Chapman R.C. 1978. Rabies: decimation of a wolf pack in Arctic Alaska. Science 201, 365–367, http://dx.doi.org/10.1126/science.566470.

Dobson A. 2004. Population dynamics of pathogens with multiple host species. The American Naturalist 164 Supplement 5, S64–S78, http://dx.doi.org/10.1086/424681.

Elmhagen B., Tannerfeldt M., Verucci P. & Angerbjorn A. 2000. The Arctic fox (Alopex lagopus): an opportunistic specialist. Journal of Zoology 251, 139–149, http://dx.doi.org/10.1111/j.1469-7998.2000.tb00599.x.

Elton C. 1931. Epidemics among sledge dogs in the Canadian Arctic and their relation to disease in the Arctic fox. Canadian Journal of Research 58, 673–692, http://dx.doi.org/10.1139/cjr31-106.

Fekadu M., Shaddock J.H. & Baer G.M. 1982. Excretion of rabies virus in the saliva of dogs. The Journal of Infectious Diseases 145, 715–719, http://dx.doi.org/10.1093/infdis/145.2.715.

Follmann E.H., Ritter D.G. & Baer G.M. 1988. Immunization of Arctic foxes (Alopex lagopus) with oral rabies vaccine. Journal of Wildlife Diseases 24, 477–483, http://dx.doi.org/10.7589/0090-3558-24.3.477.

Follmann E., Ritter D., Swor R., Dunbar M. & Hueffer K. 2011. Preliminary evaluation of Raboral V-RG(R) oral rabies vaccine in Arctic foxes (Vulpes lagopus). Journal of Wildlife Diseases 47, 1032–1035, http://dx.doi.org/10.7589/0090-3558-47.4.1032.

Follmann E.H, Ritter D.G. & Hartbauer D.W. 2004. Oral vaccination of captive Arctic foxes with lyophilized SAG2 rabies vaccine. Journal of Wildlife Diseases 40, 328–334, http://dx.doi.org/10.7589/0090-3558-40.2.328.

Fuglei E. & Ims R.A. 2008. Global warming and effects on the Arctic fox. Science Progress 91, 175–191, http://dx.doi.org/10.3184/003685008X327468.

Gallant D., Slough B.G., Reid D.G. & Berteaux D. 2012. Arctic fox versus red fox in the warming Arctic: four decades of den surveys in north Yukon. Polar Biology 35, 1421–1431, http://dx.doi.org/10.1007/s00300-012-1181-8.

Gilg O., Hanski I. & Sittler B. 2003. Cyclic dynamics in a simple vertebrate predator–prey community. Science 302, 866–868, http://dx.doi.org/10.1126/science.1087509.

Goldsmith E.W., Renshaw B., Clement C.J., Himschoot E.A., Hundertmark K.J. & Hueffer K. 2016. Population structure of two rabies hosts relative to the known distribution of rabies virus variants in Alaska. Molecular Ecology 25, 675–688, http://dx.doi.org/10.1111/mec.13509.

Henden J.-A., Ims R.A., Yoccoz N.G., Hellström P. & Angerbjörn A. 2010. Strength of asymmetric competition between predators in food webs ruled by fluctuating prey: the case of foxes in tundra. Oikos 119, 27–34, http://dx.doi.org/10.1111/j.1600-0706.2009.17604.x.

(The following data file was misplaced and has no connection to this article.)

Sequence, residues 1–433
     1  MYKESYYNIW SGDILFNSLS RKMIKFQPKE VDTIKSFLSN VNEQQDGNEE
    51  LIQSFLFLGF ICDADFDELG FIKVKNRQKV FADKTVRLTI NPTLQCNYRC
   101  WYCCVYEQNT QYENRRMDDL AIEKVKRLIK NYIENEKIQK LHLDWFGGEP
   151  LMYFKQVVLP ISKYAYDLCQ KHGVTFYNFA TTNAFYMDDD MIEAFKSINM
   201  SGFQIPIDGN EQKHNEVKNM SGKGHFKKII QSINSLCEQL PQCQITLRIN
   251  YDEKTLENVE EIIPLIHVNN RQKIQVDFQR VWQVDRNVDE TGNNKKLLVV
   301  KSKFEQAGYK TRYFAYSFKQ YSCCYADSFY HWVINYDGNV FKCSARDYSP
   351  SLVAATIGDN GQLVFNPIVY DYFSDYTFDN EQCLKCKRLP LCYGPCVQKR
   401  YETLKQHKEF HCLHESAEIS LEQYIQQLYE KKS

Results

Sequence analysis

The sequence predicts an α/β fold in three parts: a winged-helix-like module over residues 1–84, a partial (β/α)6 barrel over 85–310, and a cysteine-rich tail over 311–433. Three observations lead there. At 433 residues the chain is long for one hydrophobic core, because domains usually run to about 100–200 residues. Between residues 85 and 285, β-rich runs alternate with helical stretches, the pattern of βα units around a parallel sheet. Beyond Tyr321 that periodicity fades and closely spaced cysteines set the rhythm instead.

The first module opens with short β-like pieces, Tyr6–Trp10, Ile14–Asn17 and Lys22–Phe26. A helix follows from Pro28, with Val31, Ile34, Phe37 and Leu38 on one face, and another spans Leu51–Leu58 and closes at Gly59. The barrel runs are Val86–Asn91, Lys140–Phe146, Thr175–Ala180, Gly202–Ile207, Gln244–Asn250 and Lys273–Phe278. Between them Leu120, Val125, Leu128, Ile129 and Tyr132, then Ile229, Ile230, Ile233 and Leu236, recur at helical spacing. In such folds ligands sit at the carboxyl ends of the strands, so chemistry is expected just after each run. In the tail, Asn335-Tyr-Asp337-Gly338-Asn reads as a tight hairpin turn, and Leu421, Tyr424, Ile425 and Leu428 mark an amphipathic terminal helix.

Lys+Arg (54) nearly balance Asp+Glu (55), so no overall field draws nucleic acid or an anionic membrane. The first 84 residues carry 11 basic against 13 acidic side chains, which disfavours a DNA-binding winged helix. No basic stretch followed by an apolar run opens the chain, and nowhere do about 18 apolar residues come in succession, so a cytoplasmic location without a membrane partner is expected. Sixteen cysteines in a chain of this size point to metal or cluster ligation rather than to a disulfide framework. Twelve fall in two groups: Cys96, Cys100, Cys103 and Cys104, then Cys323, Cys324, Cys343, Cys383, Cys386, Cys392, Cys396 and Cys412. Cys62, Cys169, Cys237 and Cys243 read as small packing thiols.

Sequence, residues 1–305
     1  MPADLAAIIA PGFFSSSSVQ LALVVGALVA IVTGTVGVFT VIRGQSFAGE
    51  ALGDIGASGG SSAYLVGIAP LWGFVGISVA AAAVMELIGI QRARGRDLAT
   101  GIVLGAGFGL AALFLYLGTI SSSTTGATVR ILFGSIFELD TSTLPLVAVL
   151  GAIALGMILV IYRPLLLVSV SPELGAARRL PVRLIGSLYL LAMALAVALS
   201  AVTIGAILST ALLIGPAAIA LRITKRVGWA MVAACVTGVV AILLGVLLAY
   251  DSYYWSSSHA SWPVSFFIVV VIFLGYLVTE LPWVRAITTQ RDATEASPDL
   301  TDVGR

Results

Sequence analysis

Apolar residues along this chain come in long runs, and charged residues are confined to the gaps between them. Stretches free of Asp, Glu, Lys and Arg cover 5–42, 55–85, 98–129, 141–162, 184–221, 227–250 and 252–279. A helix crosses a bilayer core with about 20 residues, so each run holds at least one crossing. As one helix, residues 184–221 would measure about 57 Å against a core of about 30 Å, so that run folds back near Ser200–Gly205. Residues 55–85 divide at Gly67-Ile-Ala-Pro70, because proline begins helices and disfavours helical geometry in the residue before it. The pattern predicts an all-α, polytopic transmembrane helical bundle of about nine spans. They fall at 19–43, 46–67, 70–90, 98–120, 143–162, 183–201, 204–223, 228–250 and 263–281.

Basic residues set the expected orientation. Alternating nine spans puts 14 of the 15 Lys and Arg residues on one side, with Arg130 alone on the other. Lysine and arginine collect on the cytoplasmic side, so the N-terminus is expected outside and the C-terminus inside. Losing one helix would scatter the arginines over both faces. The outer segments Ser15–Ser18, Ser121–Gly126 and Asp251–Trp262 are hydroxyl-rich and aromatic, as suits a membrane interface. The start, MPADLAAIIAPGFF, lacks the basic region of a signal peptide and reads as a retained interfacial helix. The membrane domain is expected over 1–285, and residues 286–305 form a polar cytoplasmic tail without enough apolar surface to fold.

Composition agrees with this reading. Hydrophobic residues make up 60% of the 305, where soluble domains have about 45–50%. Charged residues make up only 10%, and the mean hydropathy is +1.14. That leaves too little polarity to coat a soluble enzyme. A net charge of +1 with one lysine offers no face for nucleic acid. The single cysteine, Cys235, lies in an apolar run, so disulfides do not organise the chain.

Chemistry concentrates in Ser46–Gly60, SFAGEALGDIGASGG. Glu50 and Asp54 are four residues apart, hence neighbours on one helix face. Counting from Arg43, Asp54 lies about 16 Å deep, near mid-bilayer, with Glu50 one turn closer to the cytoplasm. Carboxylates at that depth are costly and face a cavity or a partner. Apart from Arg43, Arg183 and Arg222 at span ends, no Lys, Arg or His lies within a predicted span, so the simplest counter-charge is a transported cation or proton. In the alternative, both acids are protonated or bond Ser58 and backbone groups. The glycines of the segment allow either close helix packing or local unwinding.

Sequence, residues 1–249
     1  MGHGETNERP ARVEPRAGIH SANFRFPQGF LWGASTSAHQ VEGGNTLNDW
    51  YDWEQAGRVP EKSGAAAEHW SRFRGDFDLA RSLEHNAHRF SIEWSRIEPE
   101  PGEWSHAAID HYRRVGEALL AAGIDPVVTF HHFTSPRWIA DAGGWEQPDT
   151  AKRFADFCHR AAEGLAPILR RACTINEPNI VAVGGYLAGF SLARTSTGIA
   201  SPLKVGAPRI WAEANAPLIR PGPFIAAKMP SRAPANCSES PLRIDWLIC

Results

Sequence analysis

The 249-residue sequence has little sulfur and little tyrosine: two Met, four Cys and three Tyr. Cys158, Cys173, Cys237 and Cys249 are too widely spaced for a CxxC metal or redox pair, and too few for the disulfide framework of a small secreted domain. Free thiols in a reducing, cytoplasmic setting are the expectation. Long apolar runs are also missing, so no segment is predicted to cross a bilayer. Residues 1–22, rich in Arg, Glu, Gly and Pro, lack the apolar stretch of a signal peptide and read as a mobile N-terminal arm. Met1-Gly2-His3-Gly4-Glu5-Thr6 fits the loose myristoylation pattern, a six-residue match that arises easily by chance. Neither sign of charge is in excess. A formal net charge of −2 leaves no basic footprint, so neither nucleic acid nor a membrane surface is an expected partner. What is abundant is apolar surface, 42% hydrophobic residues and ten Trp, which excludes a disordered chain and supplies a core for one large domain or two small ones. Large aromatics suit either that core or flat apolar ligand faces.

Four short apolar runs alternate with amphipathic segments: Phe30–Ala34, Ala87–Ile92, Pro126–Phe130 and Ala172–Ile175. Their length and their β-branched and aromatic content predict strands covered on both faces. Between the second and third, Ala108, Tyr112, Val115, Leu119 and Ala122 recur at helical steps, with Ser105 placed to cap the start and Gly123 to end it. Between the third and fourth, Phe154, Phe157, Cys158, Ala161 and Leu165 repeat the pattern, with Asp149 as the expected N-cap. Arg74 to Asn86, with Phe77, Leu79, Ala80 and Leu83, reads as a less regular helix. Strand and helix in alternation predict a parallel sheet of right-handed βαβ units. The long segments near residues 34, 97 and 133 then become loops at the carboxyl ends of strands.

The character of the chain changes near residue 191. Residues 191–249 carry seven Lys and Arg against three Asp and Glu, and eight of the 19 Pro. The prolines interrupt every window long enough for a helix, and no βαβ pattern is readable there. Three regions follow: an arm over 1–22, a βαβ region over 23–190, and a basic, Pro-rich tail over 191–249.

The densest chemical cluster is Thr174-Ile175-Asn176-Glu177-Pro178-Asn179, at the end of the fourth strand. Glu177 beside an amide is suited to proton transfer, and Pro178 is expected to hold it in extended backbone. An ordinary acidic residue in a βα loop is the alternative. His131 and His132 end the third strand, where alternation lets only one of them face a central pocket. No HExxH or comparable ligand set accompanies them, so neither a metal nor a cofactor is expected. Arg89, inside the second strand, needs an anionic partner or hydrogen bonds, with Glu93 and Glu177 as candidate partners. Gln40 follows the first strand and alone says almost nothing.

Hersteinsson P. & Macdonald D.W. 1992. Interspecific competition and the geographical distribution of red and Arctic foxes Vulpes-vulpes and Alopex-lagopus. Oikos 64, 505–515, http://dx.doi.org/10.2307/3545168.

Holmala K. & Kauhala K. 2006. Ecology of wildlife rabies in Europe. Mammal Review 36, 17–36, http://dx.doi.org/10.1111/j.1365-2907.2006.00078.x.

Huettmann F., Magnuson E.E. & Hueffer K. 2017. Ecological niche modeling of rabies in the changing Arctic of Alaska. Acta Veterinaria Scandinavica 59, 18–29, http://dx.doi.org/10.1186/s13028-017-0285-0.

Kim B.I., Blanton J.D., Gilbert A., Castrodale L., Hueffer K., Slate D. & Rupprecht C.E. 2014. A conceptual model for the impact of climate change on fox rabies in Alaska, 1980-2010. Zoonoses and Public Health 61, 72–80, http://dx.doi.org/10.1111/zph.12044.

Knobel D.L., Cleaveland S., Coleman P.G., Fevre E.M., Meltzer M.I., Miranda M.E., Shaw A., Zinsstag J. & Meslin F.X. 2005. Re-evaluating the burden of rabies in Africa and Asia. Bulletin of the World Health Organization 83, 360–368, http://dx.doi.org/10.1590/S0042-96862005000500012.

Konovalov G.V., Kantorovich R.A., Buzinov I.A. & Riutova V.P. 1965. Experimental investigations into rage and rabies in polar foxes, natural hosts of the infection. II. An experimental morphological study of rabies in polar foxes. Acta Virologica 9, 235–239.

Krebs C.J. 2011. Of lemmings and snowshoe hares: the ecology of northern Canada. Proceedings of the Royal Society Biological Sciences Series B 278, 481–489, http://dx.doi.org/10.1098/rspb.2010.1992.

Lai S., Bety J. & Berteaux D. 2015. Spatio-temporal hotspots of satellite-tracked Arctic foxes reveal a large detection range in a mammalian predator. Movement Ecology 3, article no. 37, http://dx.doi.org/10.1186/s40462-015-0065-2.

Lecomte N., Careau V., Gauthier G. & Giroux J.F. 2008. Predator behaviour and predation risk in the heterogeneous Arctic environment. Journal of Animal Ecology 77, 439–447, http://dx.doi.org/10.1111/j.1365-2656.2008.01354.x.

Lembo T., Hampson K., Haydon D.T., Craft M., Dobson A., Dushoff J., Ernest E., Hoare R., Kaare M., Mlengeya T., Mentzel C. & Cleaveland S. 2008. Exploring reservoir dynamics: a case study of rabies in the Serengeti ecosystem. Journal of Applied Ecology 45, 1246–1257, http://dx.doi.org/10.1111/j.1365-2664.2008.01468.x.